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Reading Slothfully

I was told in elementary school that I only could read at half the speed for success in college. Oh well, one benefit of slow reading is you get to live with the characters a longer period of time. I read in a vain attempt to better understand people. At my other homes, I'm known as a spouse, pop, guy in the choir, physical chemist, computer/web dilettante and child-care provider. In theory, I'm a published author, if you consider stuff like Quenching Cross Sections for Electronic Energy Transfer Reactions Between Metastable Argon Atoms and Noble Gases and Small Molecules to count as publications. I've strewn dozens of such fascinating things to the winds.

Currently reading

A Good Death
Christopher R. Cox
The Black Cargo
John P. Marquand
A Highland Christmas
M.C. Beaton
Tales from Moominvalley
Tove Jansson, Thomas Warburton
Moominland Midwinter
Tove Jansson, Thomas Warburton
On The Beach (Vintage Classics)
Nevil Shute Norway
The Maltese Falcon
Dashiell Hammett
Obscure Destinies
Willa Cather
A Start in Life (The Michael Cullen Novels)
Alan Sillitoe
Mobilizing Web Sites: Strategies for Mobile Web Implementation
Kristofer Layon

Doctor Dolittle's Garden

Doctor Dolittle's Garden - Hugh Lofting This is a slightly strange Dr. Doolittle book, a bit disjointed and a non-ending, but containing lots of entertainingly told stories within. The book comprises roughly three different themes, although it's allegedly divided into four parts.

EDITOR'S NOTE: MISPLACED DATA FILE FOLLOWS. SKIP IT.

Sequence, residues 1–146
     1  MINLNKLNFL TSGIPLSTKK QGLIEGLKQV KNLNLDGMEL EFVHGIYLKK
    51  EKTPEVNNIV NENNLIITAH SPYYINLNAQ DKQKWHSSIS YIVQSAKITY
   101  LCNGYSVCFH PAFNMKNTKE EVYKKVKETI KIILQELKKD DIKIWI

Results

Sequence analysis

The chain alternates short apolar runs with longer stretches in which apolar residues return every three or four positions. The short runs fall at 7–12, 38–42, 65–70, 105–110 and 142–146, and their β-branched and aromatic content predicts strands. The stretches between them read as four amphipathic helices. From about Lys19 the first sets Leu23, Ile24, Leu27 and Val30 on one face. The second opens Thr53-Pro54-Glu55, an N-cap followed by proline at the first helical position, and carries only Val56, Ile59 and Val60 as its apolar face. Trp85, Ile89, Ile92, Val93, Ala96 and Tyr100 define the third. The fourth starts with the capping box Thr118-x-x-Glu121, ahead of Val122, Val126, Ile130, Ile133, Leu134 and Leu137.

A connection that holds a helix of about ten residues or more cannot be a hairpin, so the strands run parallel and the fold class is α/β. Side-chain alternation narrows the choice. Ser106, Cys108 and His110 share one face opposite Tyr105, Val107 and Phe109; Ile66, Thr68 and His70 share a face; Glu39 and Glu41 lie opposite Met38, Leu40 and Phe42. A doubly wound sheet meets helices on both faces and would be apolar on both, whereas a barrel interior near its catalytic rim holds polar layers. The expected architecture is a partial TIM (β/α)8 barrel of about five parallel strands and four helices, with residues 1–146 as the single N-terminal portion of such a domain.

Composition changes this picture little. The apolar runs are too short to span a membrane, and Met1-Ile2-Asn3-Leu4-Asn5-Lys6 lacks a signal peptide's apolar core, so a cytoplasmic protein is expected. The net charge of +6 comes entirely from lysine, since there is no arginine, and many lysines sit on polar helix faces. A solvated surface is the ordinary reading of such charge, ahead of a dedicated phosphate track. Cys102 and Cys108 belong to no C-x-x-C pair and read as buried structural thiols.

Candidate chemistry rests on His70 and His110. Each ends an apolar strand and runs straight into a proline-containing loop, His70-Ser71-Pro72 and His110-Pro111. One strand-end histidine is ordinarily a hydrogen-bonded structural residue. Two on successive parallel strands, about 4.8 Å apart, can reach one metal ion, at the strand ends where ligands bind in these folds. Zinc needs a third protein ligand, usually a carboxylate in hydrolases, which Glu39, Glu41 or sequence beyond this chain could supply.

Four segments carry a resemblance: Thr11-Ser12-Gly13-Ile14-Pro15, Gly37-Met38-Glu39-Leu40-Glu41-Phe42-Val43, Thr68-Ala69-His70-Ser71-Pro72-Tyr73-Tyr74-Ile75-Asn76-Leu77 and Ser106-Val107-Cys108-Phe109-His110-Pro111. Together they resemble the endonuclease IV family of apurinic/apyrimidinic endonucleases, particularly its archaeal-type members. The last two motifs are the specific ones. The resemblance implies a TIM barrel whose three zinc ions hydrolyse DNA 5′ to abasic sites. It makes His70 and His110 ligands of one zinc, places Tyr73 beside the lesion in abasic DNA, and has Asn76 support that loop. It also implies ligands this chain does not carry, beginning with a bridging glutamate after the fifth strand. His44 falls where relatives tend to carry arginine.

The first part of the book tells about a club for crossbred dogs and has several of them telling stories after dinner about their lives. It's quite entertaining.

Then, leaving the dogs behind, Dr. Doolittle becomes obsessed with learning the language of insects, so he contrives an apparatus for doing that, and eventually manages to learn some insect stories, particularly one about a water beetle who was transported in a clod of mud on a duck's foot over to Brazil, and eventually a few years later, back again.

Somewhere in the story telling, Dr. Doolittle hears rumors of giant moths, so quizzes his animal and insect friends for more information about them. Then, quite suddenly, a giant moth shows up in his garden. So they spend the last third of the book (roughly) learning to communicate with the moth, trying to keep the public away, wondering about where to go on a new voyage and whom to take, and so forth.

This story is told through the eyes of Thomas Stubbins who has become Dr. Doolittle's assistant somewhere after Dr. Doolittle's Circus and before the present book (two volumes that I seem to have missed in my current re-reading of the series). I've always thought the primary fun in the Dr. Doolittle books were the little stories that the animals tell each other within the confines of the major plot themes.